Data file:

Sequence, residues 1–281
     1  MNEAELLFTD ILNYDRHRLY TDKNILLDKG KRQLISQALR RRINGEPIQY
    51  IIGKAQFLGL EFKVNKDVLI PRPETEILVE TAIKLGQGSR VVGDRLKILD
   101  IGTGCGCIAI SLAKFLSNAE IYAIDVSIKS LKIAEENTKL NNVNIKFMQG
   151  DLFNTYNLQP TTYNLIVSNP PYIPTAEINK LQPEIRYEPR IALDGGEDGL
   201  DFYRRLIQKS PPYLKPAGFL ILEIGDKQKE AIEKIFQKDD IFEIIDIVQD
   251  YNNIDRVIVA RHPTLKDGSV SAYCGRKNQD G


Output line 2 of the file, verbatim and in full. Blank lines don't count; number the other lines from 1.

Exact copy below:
     1  MNEAELLFTD ILNYDRHRLY TDKNILLDKG KRQLISQALR RRINGEPIQY